Vinícius became even more of a hero for the Real Madrid fanbase on Sunday night, scoring a sensational winner for a 2-1 victory over Sevilla. After Rafa Mir and Karim Benzema’s first-half goals, it was the Brazilian who made the difference and who gave us a lot to talk about. So, let’s get into this game’s talking points through three questions and three answers.
1. What would give? Sevilla set piece offence or Real Madrid’s set piece defence?
Coming into this game, Sevilla were the team who had the most set piece goals in LaLiga Santander so far, with four dead ball passes that led to a goal, and Real Madrid were one of just three teams not to have conceded one so far. So, what would give? Well, early on it was Sevilla’s set piece delivery that came out on top, for Rafa Mir’s opening goal. It’s always frustrating to concede a set piece goal, but it should be kept in mind that Sevilla are one of the best teams in this regard and that there was a very good – and pushing the limits of legality – block from Diego Carlos to keep Militão and especially Ferland Mendy away from Rafa Mir. It was a well-executed corner kick from Sevilla. It’s something for Real Madrid’s defence to work on, but not something to panic about.
2. Would Ancelotti sit off or try to please the fans?
When Real Madrid played Shakhtar Donetsk at home, there were whistles from the Bernabéu crowd because Ancelotti decided he didn’t want his team to press given how the Ukrainians thrive when they are pressed. This gave the impression that Real Madrid were being passive or lacking in effort, but really it was just Ancelotti’s preferred way of controlling the game. With Sevilla coming to town, Real Madrid were now facing the best team they’ve hosted so far this season and another side who can play through a press like a hot knife through butter. So, what would Ancelotti do? He admitted after his Shakhtar tactics that “I should consider the reaction of the home crowd when deciding tactics, because the other day they didn’t like the way the team defended deeper”, so would he order his men to push high up the pitch and press, just to keep the fans happy? Well, Real Madrid didn’t press as much as the fans wanted. Especially in the first half, they often sat off Sevilla, which led to several periods of audible frustration from the home crowd as the Andalusians completed pass after pass. In the second half, Real Madrid pressed more. It still wasn’t very coordinated, but they were more ambitious and got the home fans on their side, which might ultimately have made the difference.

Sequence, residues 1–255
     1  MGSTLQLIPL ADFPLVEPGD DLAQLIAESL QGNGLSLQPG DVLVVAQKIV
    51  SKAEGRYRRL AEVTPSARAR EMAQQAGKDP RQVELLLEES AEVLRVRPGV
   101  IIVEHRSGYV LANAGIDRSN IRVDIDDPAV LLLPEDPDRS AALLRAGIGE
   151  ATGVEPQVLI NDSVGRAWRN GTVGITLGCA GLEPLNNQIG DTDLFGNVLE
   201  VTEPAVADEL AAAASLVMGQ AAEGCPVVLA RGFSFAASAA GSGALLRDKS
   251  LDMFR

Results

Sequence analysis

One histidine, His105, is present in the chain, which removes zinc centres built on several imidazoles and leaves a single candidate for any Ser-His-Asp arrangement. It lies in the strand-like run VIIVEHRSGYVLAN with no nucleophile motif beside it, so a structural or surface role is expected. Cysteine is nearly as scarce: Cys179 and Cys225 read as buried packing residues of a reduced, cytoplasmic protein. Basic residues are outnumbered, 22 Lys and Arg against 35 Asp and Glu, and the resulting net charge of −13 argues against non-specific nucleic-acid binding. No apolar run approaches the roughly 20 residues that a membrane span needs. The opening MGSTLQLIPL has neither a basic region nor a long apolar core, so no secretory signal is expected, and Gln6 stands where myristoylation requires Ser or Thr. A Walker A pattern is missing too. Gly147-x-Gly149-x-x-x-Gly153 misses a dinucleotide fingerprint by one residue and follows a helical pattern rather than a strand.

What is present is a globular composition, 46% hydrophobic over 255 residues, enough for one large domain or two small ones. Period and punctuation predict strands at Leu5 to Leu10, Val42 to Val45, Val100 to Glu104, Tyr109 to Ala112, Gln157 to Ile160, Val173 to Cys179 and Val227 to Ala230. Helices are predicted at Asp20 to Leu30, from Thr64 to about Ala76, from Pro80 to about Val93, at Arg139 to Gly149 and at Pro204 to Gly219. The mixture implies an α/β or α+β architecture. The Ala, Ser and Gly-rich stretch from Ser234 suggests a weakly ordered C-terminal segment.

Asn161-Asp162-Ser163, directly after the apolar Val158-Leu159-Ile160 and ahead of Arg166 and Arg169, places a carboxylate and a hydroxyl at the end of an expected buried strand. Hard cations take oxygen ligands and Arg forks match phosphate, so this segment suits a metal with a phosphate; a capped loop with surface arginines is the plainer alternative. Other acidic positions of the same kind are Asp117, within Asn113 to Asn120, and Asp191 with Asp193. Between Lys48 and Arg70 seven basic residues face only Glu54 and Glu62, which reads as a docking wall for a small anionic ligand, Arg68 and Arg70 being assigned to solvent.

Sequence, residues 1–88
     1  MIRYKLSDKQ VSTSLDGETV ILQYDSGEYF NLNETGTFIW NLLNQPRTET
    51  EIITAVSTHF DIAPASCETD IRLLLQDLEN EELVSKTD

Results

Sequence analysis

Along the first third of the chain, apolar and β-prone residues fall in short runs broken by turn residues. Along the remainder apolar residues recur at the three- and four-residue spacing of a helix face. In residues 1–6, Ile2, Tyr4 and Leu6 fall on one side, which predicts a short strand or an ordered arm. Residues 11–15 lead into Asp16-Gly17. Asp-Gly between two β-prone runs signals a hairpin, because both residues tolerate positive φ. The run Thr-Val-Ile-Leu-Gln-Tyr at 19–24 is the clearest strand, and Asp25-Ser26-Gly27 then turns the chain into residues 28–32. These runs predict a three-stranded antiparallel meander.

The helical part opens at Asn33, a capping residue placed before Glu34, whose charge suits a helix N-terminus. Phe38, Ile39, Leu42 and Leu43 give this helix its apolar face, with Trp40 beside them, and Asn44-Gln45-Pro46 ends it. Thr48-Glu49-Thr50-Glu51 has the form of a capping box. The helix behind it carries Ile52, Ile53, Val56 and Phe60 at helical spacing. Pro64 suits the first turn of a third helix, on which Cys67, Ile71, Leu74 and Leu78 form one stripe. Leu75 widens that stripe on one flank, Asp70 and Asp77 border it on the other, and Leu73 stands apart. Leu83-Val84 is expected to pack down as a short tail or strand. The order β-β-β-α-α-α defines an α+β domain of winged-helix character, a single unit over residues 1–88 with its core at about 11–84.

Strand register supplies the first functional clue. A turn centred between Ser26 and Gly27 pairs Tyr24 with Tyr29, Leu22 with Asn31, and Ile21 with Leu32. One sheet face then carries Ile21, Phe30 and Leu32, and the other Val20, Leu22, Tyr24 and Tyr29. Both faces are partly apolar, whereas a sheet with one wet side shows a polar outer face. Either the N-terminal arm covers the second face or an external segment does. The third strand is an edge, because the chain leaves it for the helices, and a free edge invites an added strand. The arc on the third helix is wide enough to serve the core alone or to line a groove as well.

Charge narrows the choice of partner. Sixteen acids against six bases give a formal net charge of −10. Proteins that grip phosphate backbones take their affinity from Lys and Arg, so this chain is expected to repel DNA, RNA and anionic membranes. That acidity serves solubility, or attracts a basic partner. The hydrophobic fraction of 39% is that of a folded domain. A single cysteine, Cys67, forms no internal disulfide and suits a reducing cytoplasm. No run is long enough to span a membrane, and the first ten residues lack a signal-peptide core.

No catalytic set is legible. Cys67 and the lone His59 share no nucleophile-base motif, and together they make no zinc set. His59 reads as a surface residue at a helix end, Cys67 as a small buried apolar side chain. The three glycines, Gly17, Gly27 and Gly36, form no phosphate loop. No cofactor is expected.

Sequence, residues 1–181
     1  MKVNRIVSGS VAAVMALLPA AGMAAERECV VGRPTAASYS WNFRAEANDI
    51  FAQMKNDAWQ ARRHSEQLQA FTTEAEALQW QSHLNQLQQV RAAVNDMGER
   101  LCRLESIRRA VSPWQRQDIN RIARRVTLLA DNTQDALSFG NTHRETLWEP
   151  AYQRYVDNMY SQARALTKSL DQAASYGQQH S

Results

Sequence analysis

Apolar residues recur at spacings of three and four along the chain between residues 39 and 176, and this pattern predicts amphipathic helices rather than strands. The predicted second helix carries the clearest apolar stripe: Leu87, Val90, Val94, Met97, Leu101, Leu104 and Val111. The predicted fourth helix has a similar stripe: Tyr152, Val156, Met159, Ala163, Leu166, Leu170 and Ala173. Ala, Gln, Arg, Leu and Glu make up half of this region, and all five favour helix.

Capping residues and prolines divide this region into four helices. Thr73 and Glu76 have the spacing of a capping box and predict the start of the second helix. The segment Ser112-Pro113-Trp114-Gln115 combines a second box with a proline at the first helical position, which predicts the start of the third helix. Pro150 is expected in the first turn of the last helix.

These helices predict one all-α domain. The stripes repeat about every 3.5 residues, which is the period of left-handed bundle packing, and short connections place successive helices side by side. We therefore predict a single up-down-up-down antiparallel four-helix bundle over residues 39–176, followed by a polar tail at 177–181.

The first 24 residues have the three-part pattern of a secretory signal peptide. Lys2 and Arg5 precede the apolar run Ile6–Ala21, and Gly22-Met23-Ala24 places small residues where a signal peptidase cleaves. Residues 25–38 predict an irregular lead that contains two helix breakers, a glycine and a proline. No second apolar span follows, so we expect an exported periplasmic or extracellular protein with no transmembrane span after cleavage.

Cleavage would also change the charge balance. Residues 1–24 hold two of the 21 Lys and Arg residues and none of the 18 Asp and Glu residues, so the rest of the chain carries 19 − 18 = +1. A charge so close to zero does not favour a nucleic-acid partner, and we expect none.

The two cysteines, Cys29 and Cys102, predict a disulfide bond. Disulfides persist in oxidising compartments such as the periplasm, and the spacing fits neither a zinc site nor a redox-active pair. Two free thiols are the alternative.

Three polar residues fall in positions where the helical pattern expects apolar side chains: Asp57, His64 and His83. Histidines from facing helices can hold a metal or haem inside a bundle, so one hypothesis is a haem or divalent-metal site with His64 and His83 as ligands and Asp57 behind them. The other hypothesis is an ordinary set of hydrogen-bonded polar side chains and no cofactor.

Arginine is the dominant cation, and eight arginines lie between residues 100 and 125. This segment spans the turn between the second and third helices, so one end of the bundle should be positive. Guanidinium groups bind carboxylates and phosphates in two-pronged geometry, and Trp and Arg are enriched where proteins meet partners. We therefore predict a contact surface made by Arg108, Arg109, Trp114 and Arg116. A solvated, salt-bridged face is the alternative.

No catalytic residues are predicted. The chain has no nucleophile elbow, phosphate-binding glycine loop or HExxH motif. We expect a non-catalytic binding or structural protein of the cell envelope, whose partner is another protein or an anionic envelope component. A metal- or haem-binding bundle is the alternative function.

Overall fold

3. Ocampos vs Mendy? Who’d come out on top?
Coming into this game, the underrated battle to follow was Lucas Ocampos vs Ferland Mendy. These players bring energy to every game and they didn’t disappoint. Mendy did a generally good job of keeping the Argentine in check, while Ocampos also worked back well to track Mendy when the Frenchman went on his various adventures forward, breaking the lines. Ocampos and Mendy were among the two very best players on the pitch in this one.
1. What would have been different had Rodrygo started?
There was a late change to Ancelotti’s plans, as Rodrygo was out with a stomach bug and Marco Asensio came in last minute. They are two very different kinds of wingers, so would it have been much different had Rodrygo played instead? Well, Rodrygo certainly wouldn’t have drifted inside as much as Asensio did and the Brazilian might have attacked Sevilla left-back Marcos Acuña more, which might have been effective since he wasn’t 100 percent fit coming into this game. Dani Carvajal also seems to be more comfortable when playing with Rodrygo and he really seemed to miss the Brazilian’s natural winger play, with Carva making a few odd decisions in this one. Ultimately, Asensio did a decent job and having Rodrygo might not have changed much, other than producing a different kind of output from Los Blancos’ right flank.
2. Is Alaba totally fine then?
Despite the knee sprain suffered in Tiraspol in midweek, there was confidence from Ancelotti that David Alaba could still make this game. And he not only made the squad, but the Austrian played all 90 minutes. He looked fine, apart from the penalty that could have been awarded to Ocampos, but the centre-back showed no signs of any physical issue. He has been a machine on the pitch so far since arriving and it appears he’s a machine in recovery too. It seems he’s totally fine.
3. Do Real Madrid have the most dangerous long-range shooters in LaLiga?
Both of Real Madrid’s goals came from long range shots. There was the Vinícius beauty and the Benzema equaliser came after Bono spilled Éder Militão’s shot from distance. So, Real Madrid’s willingness to shoot on sight once again paid off. Real Madrid have been taking a lot of long-range shots this season, averaging 5.3 outside-the-box attempts per 90 minutes and adding another eight tonight. That’s fourth most in all of LaLiga and around one extra long-distance shot per game more than their main title rivals, with Atlético and Sevilla averaging 4.4, Barcelona 4.1 and Real Sociedad 3.8. Vinícius, Marco Asensio, David Alaba, Toni Kroos and Karim Benzema have all scored from outside the area already this season, while we know Casemiro and Luka Modric are capable too. So, because of intent and quality, is Real Madrid’s squad the most dangerous in terms of long-range shooting in LaLiga?